This debate leads us down the same road every time. Should businesses rejected by low rate lenders be banned from accessing credit because the options available to them now are too expensive? “No,” a critic would say. “They should just be charged a lower rate.” But considering the risk, could a lender survive drastic price cuts? With all the competition in today’s market, alternative business lenders have been slashing rates to as low as they can possibly get them… for now.
But to critics like Kassar, things like profitability are an afterthought. What’s profitability got to do with the price of a loan?
— ami kassar (@akassar) May 15, 2014
I wonder if his clients who have exhausted all their options choose a low rate SBA loan that they can’t get once he has educated them about the high cost of a merchant cash advance. Oh wait…
Esch suggested throwing out the 5 Cs. I don’t think that’s a good idea. It’s leeway that’s needed, not discarding the book altogether. That leeway comes at a cost.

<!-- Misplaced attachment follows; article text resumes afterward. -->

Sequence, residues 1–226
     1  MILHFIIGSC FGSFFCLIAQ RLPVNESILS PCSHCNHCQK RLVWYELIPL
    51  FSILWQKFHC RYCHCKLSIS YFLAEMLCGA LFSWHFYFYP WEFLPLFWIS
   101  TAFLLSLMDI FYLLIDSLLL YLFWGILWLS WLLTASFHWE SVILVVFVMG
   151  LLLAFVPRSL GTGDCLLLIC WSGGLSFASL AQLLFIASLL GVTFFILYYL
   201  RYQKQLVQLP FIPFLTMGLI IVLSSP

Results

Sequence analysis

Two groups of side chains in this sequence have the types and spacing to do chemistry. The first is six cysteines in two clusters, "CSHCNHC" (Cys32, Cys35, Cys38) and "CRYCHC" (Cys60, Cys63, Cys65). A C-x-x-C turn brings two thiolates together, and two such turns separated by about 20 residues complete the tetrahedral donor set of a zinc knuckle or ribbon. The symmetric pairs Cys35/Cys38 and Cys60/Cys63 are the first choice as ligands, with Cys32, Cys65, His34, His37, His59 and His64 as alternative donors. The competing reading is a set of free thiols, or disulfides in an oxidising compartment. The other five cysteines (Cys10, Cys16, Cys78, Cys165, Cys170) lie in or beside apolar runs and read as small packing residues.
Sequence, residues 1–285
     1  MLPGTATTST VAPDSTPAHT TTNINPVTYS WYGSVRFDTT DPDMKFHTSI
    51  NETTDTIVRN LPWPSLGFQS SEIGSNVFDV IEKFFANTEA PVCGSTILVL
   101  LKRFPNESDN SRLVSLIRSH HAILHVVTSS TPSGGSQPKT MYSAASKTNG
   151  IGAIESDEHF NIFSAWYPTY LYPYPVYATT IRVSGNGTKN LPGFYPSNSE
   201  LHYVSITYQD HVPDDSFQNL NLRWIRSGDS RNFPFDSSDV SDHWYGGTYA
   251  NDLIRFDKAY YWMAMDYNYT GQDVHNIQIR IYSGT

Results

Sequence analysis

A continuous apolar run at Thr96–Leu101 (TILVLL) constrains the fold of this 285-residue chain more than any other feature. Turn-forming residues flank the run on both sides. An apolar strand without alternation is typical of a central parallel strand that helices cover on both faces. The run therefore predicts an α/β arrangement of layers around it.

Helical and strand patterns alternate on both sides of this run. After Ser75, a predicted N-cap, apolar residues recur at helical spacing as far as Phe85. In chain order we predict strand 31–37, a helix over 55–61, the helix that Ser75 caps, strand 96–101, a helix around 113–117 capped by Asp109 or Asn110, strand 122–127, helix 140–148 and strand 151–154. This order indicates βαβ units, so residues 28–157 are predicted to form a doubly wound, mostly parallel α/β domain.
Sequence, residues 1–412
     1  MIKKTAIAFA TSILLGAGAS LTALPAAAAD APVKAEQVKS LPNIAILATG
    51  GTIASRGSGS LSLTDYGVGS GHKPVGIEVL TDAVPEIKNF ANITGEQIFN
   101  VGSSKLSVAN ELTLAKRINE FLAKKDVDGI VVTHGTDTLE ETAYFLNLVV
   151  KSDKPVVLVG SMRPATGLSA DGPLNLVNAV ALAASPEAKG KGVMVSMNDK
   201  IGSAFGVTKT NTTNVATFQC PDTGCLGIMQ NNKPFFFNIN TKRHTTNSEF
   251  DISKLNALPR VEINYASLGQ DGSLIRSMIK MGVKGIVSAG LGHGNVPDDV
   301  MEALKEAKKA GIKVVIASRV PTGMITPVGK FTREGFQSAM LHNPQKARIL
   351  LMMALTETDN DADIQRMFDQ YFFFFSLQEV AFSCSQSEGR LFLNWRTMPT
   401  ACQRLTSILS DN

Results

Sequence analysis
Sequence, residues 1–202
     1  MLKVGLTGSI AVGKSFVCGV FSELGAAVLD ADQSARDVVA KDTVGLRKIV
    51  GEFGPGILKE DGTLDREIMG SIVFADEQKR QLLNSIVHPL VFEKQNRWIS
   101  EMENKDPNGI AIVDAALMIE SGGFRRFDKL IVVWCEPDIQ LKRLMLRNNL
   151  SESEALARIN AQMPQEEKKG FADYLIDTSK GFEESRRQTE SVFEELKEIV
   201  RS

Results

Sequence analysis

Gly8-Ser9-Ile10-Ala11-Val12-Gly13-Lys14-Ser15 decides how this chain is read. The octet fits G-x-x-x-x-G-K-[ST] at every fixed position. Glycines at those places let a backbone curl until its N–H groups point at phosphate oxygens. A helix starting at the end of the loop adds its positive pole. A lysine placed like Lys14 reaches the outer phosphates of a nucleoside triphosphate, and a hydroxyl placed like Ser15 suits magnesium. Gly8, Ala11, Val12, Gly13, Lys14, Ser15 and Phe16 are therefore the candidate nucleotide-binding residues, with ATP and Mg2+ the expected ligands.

Questioning the costs that alternative business lenders charge is a beautiful example of the free market at work. They’re an easy target for criticism, yet a badly needed component of the American economy. No harm can come from keeping them honest. But as Esch commented on how he feels about what he does, “I feel blessed to be serving this higher need.”
In the latest issue of DailyFunder, Cheryl Conner explored data security in the alternative business lending industry. Its basis was rooted in the ETA’s 2008 Merchant Cash Advance White Paper that stated Merchant Cash Advance companies must be PCI compliant.
That white paper was drafted in a different era, particularly when 99% of all transactions required a payment processing split rather than ACH debits. It’s true also that it specified companies “that handle sensitive payment related information”, namely cardholder data as part of its regular business operation.